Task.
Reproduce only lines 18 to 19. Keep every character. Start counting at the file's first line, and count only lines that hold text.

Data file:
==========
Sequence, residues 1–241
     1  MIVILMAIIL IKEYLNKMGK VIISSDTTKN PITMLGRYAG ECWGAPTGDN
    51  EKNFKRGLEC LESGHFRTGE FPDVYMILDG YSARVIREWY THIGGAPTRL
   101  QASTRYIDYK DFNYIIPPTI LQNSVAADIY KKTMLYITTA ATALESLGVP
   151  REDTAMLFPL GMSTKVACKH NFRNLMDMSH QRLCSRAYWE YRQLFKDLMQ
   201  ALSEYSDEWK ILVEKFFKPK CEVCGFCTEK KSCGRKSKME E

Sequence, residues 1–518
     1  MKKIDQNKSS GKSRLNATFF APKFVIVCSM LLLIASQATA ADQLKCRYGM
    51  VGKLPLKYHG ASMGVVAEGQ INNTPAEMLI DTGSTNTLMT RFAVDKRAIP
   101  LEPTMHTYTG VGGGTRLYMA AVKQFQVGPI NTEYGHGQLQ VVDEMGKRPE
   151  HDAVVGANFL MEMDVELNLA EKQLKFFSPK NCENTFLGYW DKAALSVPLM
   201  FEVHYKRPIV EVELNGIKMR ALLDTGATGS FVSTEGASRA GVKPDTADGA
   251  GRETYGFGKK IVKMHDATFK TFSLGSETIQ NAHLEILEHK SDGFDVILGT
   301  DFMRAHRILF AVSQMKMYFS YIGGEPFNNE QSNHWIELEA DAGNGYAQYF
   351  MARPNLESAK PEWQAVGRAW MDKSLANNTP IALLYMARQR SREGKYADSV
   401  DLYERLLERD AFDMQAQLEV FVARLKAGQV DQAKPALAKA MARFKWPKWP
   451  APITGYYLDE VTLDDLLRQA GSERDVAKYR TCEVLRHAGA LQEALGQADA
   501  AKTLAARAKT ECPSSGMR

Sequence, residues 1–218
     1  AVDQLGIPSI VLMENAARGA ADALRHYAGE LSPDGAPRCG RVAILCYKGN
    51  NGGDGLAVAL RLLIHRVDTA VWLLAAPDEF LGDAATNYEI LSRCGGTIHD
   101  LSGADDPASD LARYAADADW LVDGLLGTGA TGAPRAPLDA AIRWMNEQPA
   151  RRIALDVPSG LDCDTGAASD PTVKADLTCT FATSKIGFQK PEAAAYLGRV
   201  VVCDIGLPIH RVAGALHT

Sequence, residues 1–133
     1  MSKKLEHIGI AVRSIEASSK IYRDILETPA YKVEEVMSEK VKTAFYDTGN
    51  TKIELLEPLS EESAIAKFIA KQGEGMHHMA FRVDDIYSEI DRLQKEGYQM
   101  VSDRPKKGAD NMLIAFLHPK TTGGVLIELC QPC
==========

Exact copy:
   501  AKTLAARAKT ECPSSGMR

Sequence, residues 1–218